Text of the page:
Pullela Gopichand has grown out of being just a badminton guru. Today, among other things, his opinion is sought on how to improve India’s medal prospects in the Olympics. On a whistle-stop visit to Kolkata after nearly eight years, the man behind the badminton revolution spoke to HT. Excerpts
Q: Given that India has five men’s players in the top 50 and two women in the top 10, would it be fair to say it is an emerging power?
A: The performance of the last few years would substantiate that but a lot of work still needs to be done.
Q: What is needed for men to make the kind of jump Saina Nehwal and PV Sindhu have made?
A: You had (Kidambi) Srikanth as world No. 3 and (Parupalli) Kashyap as world No. 6. Now, Ajay Jayaram, Sai (Praneeth), (H.S.) Prannoy too have been ranked in the top 20. But to find someone who will be a world No. 1, I think we will need a little more time.
Q: In the not so distant past, the thought of an Indian No.1 in men’s badminton would seem like a pipedream..
A: Not anymore. As a sport, we have progressed well; that there is bench strength signifies something is being done right. To make the next level, we will need a little more strength physically, little more strength mentally.
Q: As part of the government’s task force, what needs to be done for 2020 Games in general and badminton in particular?
A: I think the government keenly tried to put things in place before Rio. We need to learn from our mistakes from 2016 and give support as quickly as possible.
That’s because next year is the Commonwealth year and 2019 is the Olympic qualifiers. If you intend to win a medal in badminton, you should be good enough to qualify at the beginning of 2019 and not be one of the last ones because then your entire effort is on qualification and not on the Olympics.
Q: Injuries derailed your career…
A: I think my career got made by injury. I believe injuries have made me stronger. Back then nobody thought of winning anything big in badminton. I became a different player, mentally stronger. I had surgeries when I was 20, 22 and 24 and when I got back my craving for the sport increased.
Q: Do you think Saina Nehwal’s comeback after injury is on course?
A: I think she has done well, her progress has been good and am sure she will make the next step as well. When your physical strength and ability comes back, your mental strength and confidence too will return.
Q: Your thoughts on the Sindhu-Saina rivalry?
A: As long as it helps their performance get better, I am happy.
Q: The new BAI president, Himanta Biswa Sarma, has spoken of state of the art academies across India. Is that doable?
A: As a nation we are big and varied so we should have multiple academies so that people don’t have to travel. For the sport to get the next level, broadbasing is important. It is time consuming, infrastructure and funding intensive. But sport needs to grow in a sequence... People first, projects and programs next and then infrastructure. Think it is important to identify the people. It is tough to find people with the right kind of drive. You may not need to invest in infrastructure initially.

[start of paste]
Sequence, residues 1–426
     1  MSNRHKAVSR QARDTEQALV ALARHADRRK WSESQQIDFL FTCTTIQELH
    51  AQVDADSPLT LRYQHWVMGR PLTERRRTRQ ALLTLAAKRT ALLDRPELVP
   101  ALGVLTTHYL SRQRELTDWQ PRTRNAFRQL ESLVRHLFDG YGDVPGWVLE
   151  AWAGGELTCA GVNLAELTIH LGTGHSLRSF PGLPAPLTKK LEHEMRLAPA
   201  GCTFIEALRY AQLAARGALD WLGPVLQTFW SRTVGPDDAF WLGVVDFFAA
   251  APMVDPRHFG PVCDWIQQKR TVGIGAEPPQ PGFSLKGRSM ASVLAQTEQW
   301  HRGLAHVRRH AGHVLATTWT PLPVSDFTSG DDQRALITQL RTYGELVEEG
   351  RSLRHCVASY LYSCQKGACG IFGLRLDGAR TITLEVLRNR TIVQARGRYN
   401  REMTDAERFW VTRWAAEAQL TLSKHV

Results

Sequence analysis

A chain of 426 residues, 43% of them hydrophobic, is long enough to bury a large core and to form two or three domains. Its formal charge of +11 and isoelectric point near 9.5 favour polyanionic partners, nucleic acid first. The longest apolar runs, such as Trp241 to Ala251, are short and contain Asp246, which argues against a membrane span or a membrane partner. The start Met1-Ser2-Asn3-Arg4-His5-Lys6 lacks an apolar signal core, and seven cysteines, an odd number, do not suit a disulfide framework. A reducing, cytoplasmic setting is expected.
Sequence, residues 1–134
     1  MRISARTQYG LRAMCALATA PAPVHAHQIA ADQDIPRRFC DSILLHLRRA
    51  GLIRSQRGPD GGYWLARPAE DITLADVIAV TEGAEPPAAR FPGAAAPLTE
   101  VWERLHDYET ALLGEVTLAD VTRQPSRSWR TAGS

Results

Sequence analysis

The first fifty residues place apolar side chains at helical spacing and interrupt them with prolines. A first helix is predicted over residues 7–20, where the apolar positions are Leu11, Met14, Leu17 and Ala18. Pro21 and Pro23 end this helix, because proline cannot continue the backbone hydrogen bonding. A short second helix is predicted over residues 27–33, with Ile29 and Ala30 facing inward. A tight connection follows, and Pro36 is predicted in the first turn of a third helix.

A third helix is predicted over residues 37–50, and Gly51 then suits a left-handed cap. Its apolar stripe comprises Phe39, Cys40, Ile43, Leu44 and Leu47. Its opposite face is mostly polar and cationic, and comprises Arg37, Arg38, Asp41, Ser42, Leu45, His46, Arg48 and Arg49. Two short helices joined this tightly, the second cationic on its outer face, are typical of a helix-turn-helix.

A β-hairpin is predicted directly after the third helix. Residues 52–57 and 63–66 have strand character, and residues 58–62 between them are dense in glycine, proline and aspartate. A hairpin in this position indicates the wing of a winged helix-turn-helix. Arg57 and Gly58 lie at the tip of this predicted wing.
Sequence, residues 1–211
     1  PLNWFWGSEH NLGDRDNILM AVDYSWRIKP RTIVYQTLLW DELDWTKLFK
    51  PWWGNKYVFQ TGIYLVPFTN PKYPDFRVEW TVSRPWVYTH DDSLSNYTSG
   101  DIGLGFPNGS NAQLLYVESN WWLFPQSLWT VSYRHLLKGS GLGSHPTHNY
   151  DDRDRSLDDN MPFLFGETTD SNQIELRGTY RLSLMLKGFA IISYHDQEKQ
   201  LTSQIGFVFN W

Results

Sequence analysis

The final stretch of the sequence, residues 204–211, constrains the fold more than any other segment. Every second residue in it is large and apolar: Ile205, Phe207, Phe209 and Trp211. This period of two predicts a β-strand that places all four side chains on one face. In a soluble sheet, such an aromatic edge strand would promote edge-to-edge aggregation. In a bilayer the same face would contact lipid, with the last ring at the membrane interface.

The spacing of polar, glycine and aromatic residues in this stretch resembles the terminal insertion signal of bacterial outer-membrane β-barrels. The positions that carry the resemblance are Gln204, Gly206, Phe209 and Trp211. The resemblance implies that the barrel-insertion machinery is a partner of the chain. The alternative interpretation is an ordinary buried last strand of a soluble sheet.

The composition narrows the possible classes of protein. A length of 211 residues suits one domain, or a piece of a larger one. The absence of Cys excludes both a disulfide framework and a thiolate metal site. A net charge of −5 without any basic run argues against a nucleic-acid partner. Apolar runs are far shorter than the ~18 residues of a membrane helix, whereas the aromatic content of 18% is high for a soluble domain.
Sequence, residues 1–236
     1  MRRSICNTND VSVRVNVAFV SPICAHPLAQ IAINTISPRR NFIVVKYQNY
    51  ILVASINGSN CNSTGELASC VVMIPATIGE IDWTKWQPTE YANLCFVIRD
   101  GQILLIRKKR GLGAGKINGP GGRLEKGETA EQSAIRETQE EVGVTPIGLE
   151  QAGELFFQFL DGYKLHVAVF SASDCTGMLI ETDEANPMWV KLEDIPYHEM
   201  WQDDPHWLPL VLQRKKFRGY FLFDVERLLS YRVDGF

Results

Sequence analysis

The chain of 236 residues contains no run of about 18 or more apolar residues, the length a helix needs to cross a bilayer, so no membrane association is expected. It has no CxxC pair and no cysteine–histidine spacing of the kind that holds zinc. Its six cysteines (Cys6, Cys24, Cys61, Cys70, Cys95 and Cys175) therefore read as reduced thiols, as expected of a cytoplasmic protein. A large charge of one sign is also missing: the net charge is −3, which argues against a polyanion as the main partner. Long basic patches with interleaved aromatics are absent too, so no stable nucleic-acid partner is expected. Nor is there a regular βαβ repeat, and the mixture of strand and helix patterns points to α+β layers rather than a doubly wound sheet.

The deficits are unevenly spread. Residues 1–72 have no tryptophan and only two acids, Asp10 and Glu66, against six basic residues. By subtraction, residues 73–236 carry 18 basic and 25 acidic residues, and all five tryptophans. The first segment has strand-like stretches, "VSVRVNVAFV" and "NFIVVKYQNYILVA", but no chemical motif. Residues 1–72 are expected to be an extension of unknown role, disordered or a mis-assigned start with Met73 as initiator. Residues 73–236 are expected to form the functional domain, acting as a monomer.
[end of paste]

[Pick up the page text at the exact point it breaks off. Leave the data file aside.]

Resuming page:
If you look at my journey as a coach, we had very little infrastructure when we started. We were running out of government set-up almost for five years …. Over time, we got a swimming pool and running track and added a recovery centre... We are people first, programme and then infrastructure.
New Delhi has a few state-of-the-art venues, every city that has hosted a National Games has built infrastructure. There are multiple stadiums built over the years but haven’t produced players. Good coaches, bad infrastructure can produce players. The reverse is never true.
Q: You have been a strong advocate of amalgamating coaching systems but again given India’s diversity and size, can we have one system?
A: We haven’t yet done it but doesn’t mean we can’t. It is challenging but we have seen things transform in our country, from telecommunications to electrification, Swachh Bharat. We need strong leaders to drive it and a deep understanding of the system.
Q: As someone this soft spoken, is there a contradiction in how you tried to get PV Sindhu show aggression on court?
A: People who have seen me in my younger days know my aggression. You need do what is needed. Sometimes you have fake it till you make it. I think aggression is needed and to show aggression is also needed. Every person needs to do what is required and not what is habit.
Q: Getting up at 4:30am to spare an extra hour for Sindhu from 2010. Do you have time to train your daughter Gayatri?
A: No, the system takes care of that. But the good thing is Gayatri enjoys the sport. (She recently won the under-15 title at the 2017 International Junior Grand Prix). Eight of the five quarter-finalists there were my girls. Am sure some of them will go on become champions.